The fertilized egg usually develops into a simple larva - a ball of cells with cilia on the outside.
The larvae eventually break out and swim for a few hours before they settle to the bottom where they begin a new sponge (4.10).
In some species a type of larvae known as a amphiblastula larvae develops
Settling in a amphiblastula larvae
Major point is that there is development and a larval form.
Interesting fact. Gilbert JJ, Simpson TL. J Exp Zool. 1976 Jan;195(1):145-51.
Spongilla lacustris exhibits a type of alternative hermaphroditism, new to the phylum, in which a sponge may be exclusively male or female during the period of sexual reproduction one year and the opposite sex the next year. This form of sexuality may facilitate larva production and thus dispersal following colonization of a new habitat. Gametogenesis occurs shortly after gemmule hatching in both males and females but slightly later in males.
Most sponges have an internal meshwork made of microscopic crystals (spicules) or fibers (collagen) that serves as an internal skeleton. Spicules are elaborate crystals produced from compounds precipitated by scleroblast cells in the sponge tissue. Spicules are either calcereous (precipitated from calcium ions and carbonate ions) or siliceous (precipitated from silicate salts). The ions are extracted from the solution around the sponge. Spicules are highly varied, and to some extent, are distinct for each species of sponge. Thus, microscopic examination of spicule preparations can be used as a means to identify sponges to species level.
Sponges are placed into three taxonomic classes based on the chemical composition of their skeletons. Those with skeletons made of calcium carbonate are in the class Calcarea. Those with skeletons composed of silicon dioxide are in the class Hexactinellida. Those with skeletons made from spicules and protein fibers are in the Class Demospongiae.
Spongin skeleton: low and high magnification.
Class Demospongia is by far the most diverse class of sponges, with over 95% of the known species. Most Demospongia have siliceous spicules, although none of these are the 6-pointed type found in hexactinellids.
Being sedentary animals, sponges cannot swim away from a predator, and they have little in the way of structural armament (some sponges have large defensive spicules). Instead, sponges secrete poisons as their main weapon of defense. It is thought that defensive chemicals in the sponge may taste or smell bad to potential predators. In the last two decades, these poisons and other biochemicals inside sponges have received special attention as potentially useful drugs for treatment of cancer and other diseases. Several promising drugs now on the market are derived from sponge biochemicals.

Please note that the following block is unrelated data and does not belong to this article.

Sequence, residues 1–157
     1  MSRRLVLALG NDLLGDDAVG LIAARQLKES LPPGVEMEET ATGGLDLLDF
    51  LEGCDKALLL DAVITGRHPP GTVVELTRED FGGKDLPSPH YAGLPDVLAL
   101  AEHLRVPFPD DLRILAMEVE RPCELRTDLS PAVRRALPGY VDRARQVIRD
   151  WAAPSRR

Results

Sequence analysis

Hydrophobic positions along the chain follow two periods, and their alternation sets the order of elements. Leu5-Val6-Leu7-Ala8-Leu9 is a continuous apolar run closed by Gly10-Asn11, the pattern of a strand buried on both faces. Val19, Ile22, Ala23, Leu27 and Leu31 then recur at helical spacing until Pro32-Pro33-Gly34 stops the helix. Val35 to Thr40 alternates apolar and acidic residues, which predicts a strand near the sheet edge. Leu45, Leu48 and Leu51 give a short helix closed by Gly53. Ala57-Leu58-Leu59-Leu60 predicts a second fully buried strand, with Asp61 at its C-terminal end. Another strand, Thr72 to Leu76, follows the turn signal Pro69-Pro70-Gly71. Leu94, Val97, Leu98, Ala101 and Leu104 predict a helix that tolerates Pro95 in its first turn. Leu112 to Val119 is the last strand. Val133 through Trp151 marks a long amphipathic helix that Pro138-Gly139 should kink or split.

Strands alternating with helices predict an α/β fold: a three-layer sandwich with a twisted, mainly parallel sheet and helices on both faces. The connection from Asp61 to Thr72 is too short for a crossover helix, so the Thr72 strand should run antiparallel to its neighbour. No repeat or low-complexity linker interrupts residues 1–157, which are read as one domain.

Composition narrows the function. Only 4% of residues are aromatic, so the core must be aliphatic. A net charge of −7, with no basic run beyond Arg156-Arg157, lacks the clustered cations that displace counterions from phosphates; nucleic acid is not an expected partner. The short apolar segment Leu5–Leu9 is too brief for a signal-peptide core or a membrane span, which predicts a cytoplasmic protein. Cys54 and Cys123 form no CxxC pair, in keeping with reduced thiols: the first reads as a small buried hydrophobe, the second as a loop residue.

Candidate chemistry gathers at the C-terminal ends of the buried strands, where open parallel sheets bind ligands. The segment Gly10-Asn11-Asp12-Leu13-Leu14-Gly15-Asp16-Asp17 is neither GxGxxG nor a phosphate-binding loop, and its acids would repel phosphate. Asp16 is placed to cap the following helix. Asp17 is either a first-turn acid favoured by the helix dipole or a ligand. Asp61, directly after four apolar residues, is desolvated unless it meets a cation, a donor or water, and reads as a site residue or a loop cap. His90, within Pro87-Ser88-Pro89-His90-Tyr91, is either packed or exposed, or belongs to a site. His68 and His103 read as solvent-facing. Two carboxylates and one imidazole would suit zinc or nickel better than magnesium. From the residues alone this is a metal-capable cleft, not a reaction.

One group of seemingly unassuming predators is well-adapted to sponge predation - the dorid nudibranchs. These ‘sea slugs’ (opistobranch molluscs) are generally dome-shaped with a floret of posterior gills and a pair of chemical-detecting rhinophores on the head region. Some of these nudibranchs are cryptic, especially on their sponge prey, while others seem gaudy, possibly a warning coloration recognized by predators as an indication that the nudibranch carries poisons it has acquired from its sponge prey. The fact that there are many instances of Mullerian mimicry, where flatworms or other animals mimic the poison-carrying nudibranchs, suggest that fish avoid these potential prey through visual recognition.
Blue nudibranch is a sponge eater, no radula, secretes digestive juices.
Flatworms that mimics bad tasting nudibranchs.
These simple multicellular animals are an offshoot of the main evolutionary paths seen in the animal kingdom and are placed in the branch Parazoa because they are composed of a more or less loose assemblage of cells rather than the specialized tissues found in other animals. Since sponges are the simplest living animals, it is reasonable to expect that they may have evolved early in animal evolution. Indeed, sponge fossils dated at 600 million years ago are among the oldest known animals fossils.
Also considered part of the Parazoa
(flat plate animal)
Defining Characteristics: Multicellular, amorphous, mobile, flagellated animals lacking body cavity, digestive system, and nervous system and composed of two layers of epithelial cells.
Only a single placozoan species has been described, Trichoplax adhaerens, and it has been collected only from marine habitats, including marine aquariums. Although placozoans have been known for about 100 years their biology is poorly known.
Placozoans are fully mobile. They are apparently planktonic for part of their lives but are most often seen gliding across hard substrates on thousands of motile flagella, changing shape, amoeba-style, as they travel. They rarely get much larger than 2 mm.
They are made up of 2 distinct layers of epithelial cells, each containing perhaps a thousand or so cells.
Link for pictures
For the most part considered a sister group to Porifera (A. most common or B.), although some molecular data suggests may have appeared later (C.).